26
May 11

Ballmer: making the wrong kind of mistakes

Yes, you

I have a new theory about Steve Ballmer.

Maybe earlier in his life, or in a previous life, he did such wonderful things, he earned himself a guardian angel.

Really, how else does one explain how a man can remain employed through one planet-sized bungle to the next?

Many companies make mistakes in the pursuit of greatness. Apple makes some doozies.

But Microsoft, under Ballmer, consistently makes the kind of mistakes that can easily turn the company into the type of case study you don’t want to be: the “rise and fall” type.

I don’t pretend to understand the dynamics inside Microsoft. However, this is business. Very big business. No amount of loyalty, favoritism, appreciation or whatever can possibly rationalize the company’s poor showing since Ballmer assumed office.

How Microsoft, formerly the most valuable and profitable technology company on earth (“formerly,” thanks to Ballmer), with virtually limitless resources, could fall into its current state is almost impossible to comprehend.

After failing miserably with Vista, Ballmer has completely missed the two biggest technology revolutions in recent times: smartphones and tablets. And let’s not even talk about the $8.5 billion he just sunk into Skype.

The smartphone failure alone should have earned him his gold watch. It took Microsoft three years to come up with a viable alternative to iPhone. Even then, “viable” is probably being generous. Now, after Android, Microsoft must fight to be a distant third.

His public statements have become laughable, from predicting that iPhone can’t possibly succeed to passionately defending the PC as other technologies make it less relevant.

This week, Ballmer’s theater of the absurd redefined absurdity. First he blurted out that their newest OS, to be called Windows 8, will be released in 2012. Shortly thereafter, a Microsoft “spokesperson” issued a clarification: “It appears there was a misstatement.” Turns out, there is no timetable yet for the new OS, and there is no confirmation of its name.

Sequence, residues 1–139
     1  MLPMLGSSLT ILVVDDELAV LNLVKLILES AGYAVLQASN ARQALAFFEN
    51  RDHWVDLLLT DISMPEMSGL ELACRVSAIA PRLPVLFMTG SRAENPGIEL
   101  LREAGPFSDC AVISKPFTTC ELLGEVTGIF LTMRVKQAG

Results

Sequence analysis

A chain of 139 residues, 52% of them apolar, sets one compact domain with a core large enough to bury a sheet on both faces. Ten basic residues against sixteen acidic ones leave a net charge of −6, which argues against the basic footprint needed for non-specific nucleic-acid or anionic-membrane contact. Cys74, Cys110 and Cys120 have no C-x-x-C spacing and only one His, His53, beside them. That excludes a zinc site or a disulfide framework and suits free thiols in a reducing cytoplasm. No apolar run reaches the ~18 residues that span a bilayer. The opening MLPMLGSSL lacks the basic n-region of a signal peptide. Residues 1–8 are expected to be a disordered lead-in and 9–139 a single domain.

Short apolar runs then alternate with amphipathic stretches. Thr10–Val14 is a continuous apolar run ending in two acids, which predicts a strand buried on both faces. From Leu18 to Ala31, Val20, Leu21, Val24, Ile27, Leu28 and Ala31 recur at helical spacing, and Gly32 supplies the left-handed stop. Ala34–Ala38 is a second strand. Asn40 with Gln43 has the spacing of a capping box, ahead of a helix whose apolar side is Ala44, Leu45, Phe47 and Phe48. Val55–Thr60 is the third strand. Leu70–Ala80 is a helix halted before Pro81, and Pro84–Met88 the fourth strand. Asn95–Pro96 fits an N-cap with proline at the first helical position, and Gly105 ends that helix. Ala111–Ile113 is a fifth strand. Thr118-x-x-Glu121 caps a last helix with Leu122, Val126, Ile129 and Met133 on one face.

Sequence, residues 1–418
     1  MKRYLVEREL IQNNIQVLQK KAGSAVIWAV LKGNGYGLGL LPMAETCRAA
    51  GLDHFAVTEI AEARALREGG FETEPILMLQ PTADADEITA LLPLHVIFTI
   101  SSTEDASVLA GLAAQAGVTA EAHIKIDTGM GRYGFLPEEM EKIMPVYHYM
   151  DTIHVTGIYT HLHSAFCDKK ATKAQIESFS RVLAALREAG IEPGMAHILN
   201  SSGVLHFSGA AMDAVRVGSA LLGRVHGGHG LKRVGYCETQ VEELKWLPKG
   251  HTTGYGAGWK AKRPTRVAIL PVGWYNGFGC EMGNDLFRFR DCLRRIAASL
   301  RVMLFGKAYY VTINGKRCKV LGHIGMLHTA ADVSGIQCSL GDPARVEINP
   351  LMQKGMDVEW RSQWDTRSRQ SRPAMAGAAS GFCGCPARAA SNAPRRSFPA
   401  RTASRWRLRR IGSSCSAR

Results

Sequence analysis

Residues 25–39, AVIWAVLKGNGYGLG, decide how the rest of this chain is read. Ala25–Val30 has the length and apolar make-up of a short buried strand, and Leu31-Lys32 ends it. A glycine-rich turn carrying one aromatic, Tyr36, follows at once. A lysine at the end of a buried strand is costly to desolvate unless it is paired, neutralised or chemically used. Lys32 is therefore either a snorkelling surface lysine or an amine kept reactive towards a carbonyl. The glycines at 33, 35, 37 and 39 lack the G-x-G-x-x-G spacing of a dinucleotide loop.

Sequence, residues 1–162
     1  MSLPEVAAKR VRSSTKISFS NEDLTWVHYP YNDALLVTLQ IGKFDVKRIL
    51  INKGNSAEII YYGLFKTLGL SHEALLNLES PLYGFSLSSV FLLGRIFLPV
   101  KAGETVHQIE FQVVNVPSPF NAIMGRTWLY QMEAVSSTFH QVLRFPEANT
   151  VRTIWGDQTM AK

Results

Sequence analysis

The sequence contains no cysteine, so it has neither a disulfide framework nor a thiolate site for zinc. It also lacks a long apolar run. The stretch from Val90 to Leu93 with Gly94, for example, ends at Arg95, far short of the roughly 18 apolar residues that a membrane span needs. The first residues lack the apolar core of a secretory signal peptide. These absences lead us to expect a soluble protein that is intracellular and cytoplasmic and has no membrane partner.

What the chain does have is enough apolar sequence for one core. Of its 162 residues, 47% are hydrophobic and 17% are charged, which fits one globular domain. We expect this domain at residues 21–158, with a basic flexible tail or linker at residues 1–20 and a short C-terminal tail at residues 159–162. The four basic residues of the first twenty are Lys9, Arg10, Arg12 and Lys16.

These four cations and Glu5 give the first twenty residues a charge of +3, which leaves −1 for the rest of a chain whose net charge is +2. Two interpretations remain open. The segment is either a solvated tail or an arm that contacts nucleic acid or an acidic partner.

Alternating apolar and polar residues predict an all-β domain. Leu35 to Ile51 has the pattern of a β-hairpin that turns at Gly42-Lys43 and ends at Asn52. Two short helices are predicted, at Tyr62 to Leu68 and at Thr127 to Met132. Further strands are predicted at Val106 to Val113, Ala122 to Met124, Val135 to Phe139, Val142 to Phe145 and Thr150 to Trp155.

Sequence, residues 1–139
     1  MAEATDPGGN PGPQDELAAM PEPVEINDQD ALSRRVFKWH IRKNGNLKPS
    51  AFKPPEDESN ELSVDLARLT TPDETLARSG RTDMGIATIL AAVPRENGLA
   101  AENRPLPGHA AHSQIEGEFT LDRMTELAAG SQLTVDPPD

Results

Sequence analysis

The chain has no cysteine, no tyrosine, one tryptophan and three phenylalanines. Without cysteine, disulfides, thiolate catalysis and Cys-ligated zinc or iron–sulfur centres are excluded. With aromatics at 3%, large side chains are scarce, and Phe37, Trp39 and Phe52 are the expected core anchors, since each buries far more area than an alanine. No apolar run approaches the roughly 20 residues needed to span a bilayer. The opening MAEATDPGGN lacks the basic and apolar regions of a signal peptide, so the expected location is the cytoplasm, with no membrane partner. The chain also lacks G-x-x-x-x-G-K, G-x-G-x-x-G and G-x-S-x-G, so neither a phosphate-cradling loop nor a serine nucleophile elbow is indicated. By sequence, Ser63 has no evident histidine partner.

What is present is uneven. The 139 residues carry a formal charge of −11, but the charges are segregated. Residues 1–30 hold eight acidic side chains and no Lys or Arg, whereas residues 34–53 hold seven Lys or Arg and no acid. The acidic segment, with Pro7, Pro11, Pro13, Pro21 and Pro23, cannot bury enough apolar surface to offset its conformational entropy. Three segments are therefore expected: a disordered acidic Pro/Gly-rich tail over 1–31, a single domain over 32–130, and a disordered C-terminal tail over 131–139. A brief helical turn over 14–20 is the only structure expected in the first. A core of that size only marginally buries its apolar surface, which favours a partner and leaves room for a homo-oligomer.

Honestly, can you imagine this kind of screwup taking place at any other company?

It’s not like there isn’t a growing chorus of calls for Ballmer’s retirement. The latest came yesterday from the president of Greenlight Capital, David Einhorn. He describes the Microsoft CEO as being “stuck in the past.”

The good news for Microsoft is that Ballmer doesn’t have to be stuck in its present. It’s not all that hard to send a CEO packing.

Though I have no current fondness for Microsoft, I’ve often wondered how things might change if they actually had a visionary CEO. I imagine Microsoft’s stockholders have been wondering the same thing.

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  • Riz

    I am sure Steve & Bill have some sort of vote majority through the type of shares they hold — and they hold a lot of shares. Steve’s wealth (almost $15 Billion) is almost entirely made of MS shares.

    That can be THE only reason Steve is still the CEO.

  • Bmcfadden

    Steve Ballmer is a chair- throwing monkey who lacks any vision whatsoever. Having been proven wrong time and time again, i hope he is done spreading doubt and lies about Apple.

    Ballmers reign will end once the money stops pouring in. He has almost milked the windows monopoly for all it is worth, consumers and businesses are turning away in droves for security and performance reasons. I think Microsoft is now a “zombie” company living off the rotting fruits and dead bodies of its past. I predict Ballmer will see the inevitable profit collapse coming from a mile away, and he will bail out in time to pass the blame to his successor.

  • rd

    Ballmers’ Guardian Angel is Bill Gates.

    Microsoft only knows one play which
    is to use FUD to disable its competitors.
    problem with that is that Microsoft has
    to copy IBM, Oracle, Apple, Google, SAP, etc.
    It gets real tiring.
    Microsoft culture is quite hostile to engineering.
    They do know how to reverse engineer well.
    Problem is that Google attacks them with free
    and Apple attacks them with premium drool
    worthy product. but they have to protect their
    bread and butter Windows and Office and use